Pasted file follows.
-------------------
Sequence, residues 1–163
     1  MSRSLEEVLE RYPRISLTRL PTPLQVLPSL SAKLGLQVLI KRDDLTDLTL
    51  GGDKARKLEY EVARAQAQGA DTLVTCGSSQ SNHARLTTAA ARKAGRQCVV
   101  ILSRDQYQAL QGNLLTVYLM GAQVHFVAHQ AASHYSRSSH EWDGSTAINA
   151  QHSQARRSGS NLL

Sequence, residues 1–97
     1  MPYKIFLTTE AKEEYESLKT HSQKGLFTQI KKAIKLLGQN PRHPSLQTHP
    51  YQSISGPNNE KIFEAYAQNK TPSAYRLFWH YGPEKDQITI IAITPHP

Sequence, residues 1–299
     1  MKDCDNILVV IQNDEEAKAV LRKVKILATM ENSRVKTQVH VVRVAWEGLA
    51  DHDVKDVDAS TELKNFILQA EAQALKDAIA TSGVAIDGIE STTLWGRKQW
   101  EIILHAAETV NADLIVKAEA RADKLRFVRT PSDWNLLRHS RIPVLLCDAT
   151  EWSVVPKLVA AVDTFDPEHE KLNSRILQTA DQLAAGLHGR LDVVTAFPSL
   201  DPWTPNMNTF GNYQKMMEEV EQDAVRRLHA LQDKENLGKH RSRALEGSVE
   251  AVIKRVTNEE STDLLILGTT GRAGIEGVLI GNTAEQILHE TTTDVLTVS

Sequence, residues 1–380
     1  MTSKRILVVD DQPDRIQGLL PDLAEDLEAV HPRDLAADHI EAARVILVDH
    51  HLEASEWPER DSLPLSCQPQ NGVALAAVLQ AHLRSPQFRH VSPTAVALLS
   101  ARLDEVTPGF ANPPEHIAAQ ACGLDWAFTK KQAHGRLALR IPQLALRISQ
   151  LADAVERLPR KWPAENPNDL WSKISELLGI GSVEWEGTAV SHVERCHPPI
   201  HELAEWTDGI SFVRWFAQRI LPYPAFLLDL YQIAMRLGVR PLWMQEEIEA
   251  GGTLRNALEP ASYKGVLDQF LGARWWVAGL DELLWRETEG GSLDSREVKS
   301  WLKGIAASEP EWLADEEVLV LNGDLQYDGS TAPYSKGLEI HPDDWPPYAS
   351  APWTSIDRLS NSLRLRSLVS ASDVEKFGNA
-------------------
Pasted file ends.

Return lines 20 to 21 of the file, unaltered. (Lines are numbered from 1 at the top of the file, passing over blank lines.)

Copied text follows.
   151  LADAVERLPR KWPAENPNDL WSKISELLGI GSVEWEGTAV SHVERCHPPI
   201  HELAEWTDGI SFVRWFAQRI LPYPAFLLDL YQIAMRLGVR PLWMQEEIEA